CATS, the 4th longest-running show in Broadway history, visited Hong Kong last January, 2018. Being also the 6th-longest running West End show, the rise of so many contemporary musicals continues to challenge its existence.
Hong Kong is one of the countries that hail performing arts at its fullest. Collaborating with the HK Academy for Performing Arts (HKAPA), CATS ran from January 6 to February 11, 2018. The Lyric Theatre, HKAPA welcomed performing artists and spectators alike. CATS earned recognition both from the Laurence Olivier Awards and the Tony Awards. But how did they do it with just a single back drop?
Ever heard of the famous song, “Memory”?
Cats opened in the West End releasing this song as one of its originals. It was first performed in 1981. Learning, achieved after a personal familiarity gets connected to its source. I didn’t realise that this lingering song in my head since I was young was from this very production.
You’re probably congratulating the idiot in me. (Raising up a white flag on that.) Don’t worry, the feeling is mutual.
So basically, both Cats and I have been born in the same year.
As it rises above to Broadway catering to nearly 500 people in its first year.
It, being a hit after a successful single year in the West End, and me claiming the second place among my siblings. 1982. And now it’s 2018. You do the math.
Ironically, that year was the Year of the Dog as CATS takes its claim to being one of the classics the world had fallen in love to.
The song gave me a Ratatouille moment in bringing me back childhood mementos. I didn’t expect that the musical itself will give a whole new light within me as I listened emphatically, understanding the story of the Jellicle cats. Their purpose and their traditions.
The story ignites from the announcement by the Jellicle tribe leader, Old Deuteronomy. A particular cat would be chosen to be reborn into a new life at the Heaviside Layer that night after the Jellicle Ball. Although fictitious, the story speaks of volumes because of the cats’ roles, their attitude and their aspirations. From each cat’s introduction, I realise the part they play somewhat resembles some of the people I know. Even myself.
Featured in solo and group performances, the cats shared their story through a song. Moreover, dancing, being the most important element of the show, was added dramatically to highlight the Jellicle cats’ story. I was in awe to see their phenomenal flexibility and hear them sing high tones while holding themselves on a perfect V-up.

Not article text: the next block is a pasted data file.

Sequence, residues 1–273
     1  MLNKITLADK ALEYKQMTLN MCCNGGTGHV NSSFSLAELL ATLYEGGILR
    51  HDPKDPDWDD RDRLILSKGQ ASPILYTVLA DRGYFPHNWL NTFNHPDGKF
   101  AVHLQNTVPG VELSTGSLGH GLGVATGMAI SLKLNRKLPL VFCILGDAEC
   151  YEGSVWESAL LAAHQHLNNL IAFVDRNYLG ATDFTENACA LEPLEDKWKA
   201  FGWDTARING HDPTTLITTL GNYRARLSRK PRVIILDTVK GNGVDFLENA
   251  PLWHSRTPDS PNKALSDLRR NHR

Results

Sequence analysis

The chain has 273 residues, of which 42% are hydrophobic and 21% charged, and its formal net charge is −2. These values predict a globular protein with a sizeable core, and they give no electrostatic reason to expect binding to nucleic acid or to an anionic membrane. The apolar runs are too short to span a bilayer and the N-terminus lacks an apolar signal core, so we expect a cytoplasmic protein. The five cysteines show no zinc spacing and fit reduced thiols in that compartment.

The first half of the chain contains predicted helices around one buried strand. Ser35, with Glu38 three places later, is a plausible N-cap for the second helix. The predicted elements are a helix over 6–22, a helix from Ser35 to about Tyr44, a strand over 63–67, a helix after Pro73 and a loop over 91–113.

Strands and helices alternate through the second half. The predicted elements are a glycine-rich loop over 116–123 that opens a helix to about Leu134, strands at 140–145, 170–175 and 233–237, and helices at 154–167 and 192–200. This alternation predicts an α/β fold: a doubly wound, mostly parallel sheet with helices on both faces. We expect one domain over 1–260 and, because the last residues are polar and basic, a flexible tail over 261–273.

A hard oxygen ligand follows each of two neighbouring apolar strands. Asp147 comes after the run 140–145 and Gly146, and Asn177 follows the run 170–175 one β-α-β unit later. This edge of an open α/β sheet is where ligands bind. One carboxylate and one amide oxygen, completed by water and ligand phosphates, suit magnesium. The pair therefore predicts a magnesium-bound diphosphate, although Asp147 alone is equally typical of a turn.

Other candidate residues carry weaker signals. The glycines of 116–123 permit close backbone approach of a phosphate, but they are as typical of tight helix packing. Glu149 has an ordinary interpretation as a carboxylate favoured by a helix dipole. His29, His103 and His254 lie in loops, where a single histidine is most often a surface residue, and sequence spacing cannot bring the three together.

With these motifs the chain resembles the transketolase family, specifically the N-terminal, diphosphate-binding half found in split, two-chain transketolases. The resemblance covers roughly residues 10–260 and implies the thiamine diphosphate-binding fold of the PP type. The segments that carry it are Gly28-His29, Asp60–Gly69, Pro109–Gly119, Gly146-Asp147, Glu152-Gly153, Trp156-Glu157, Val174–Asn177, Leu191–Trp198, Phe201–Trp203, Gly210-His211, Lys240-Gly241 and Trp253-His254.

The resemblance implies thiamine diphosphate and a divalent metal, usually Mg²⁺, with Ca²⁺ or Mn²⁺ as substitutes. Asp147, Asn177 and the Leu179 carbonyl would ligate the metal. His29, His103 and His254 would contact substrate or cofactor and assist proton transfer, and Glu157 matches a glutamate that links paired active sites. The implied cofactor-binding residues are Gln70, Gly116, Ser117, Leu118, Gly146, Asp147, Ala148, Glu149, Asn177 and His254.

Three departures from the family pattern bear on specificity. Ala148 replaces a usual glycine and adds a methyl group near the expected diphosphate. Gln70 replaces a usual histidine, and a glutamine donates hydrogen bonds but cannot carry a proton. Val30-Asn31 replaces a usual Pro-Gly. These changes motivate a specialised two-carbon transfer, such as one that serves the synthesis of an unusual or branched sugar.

While performances happen, some need to hold straining poses. Each cat performance ranges from 2-4 minutes the least. Their grace in holding the lingering poses are surely challenging to the muscles that are not properly trained. And seeing all of them deliver to the production itself, their commitment to the craft reaped a standing ovation.
Apart from Old Deuteronomy, whose role was more of an old big cat that sat on a pedestal higher than the rest of the Jellicle cats, all of them owned a lean, slender body frame. Their movements range from sticky paws to quick reactions to conform to the flawlessly thought choreography. Interestingly, it showcases the magic between catty portrayal and humanly attributes.
My opinion goes as far as: if Luigi, being the Father of Modern Jazz, would be watching Cats, he might feel Cloud 9 beneath his feet to see his dance style wildly executed, yet performed with full control by these cats. So far, this is the musical that took my breath away from beginning ’til the end.
This deserves a special mention because musicals that I saw had to change the stage’s back drop once or twice in between acts and scenes except CATS. As one of the cats discovers a human being witnessing the truth about the Jellicle tribe in ACT 1, it automatically brought the audience into an intimate setting where cats are usually seen together as a group, into a junk yard. I thought that was such a powerful hold keeping the audience motivated to pursue the intent of the ‘storytelling’ even if there’s no change in the set.
Its smart designer, John Napier, captivated the audience through scaled images of the usual things we see in the backyard. Trash can, used tires, used toothpaste even and disposed vehicles were put together to give the Jellicle cats its play ground, dance floor and meeting place. It draws you in their lair right at the moment you enter the theatre and it involves you in an instant as they show their sanctuary traditions and secrets one by one.
The wackiness of the stage setup compliments the variety of costumes and make up each cat was designed to act with. Highlighting what kind of cats they are, their attitude and what they are compelled to react to and resist is individually distinct. Each facial make up is specific for each cat. Costumes were designed dancer-friendly with its impeccable outlook. Flirtatious, fun and quirky.
I can’t help but feel privileged to be able to watch this. It is one of the classics that you shouldn’t miss. The elements that made this production are timeless and effective that it can still be applied to the modern ways of holding new ones. ‘Cats’ own prowess in its ability to do storytelling, one of the most effective ways of capturing an audience. With familiarity to the identities each cat possesses, it makes the entire show more than interesting. They tell our story, the ones that we can’t and won’t…. with a purr.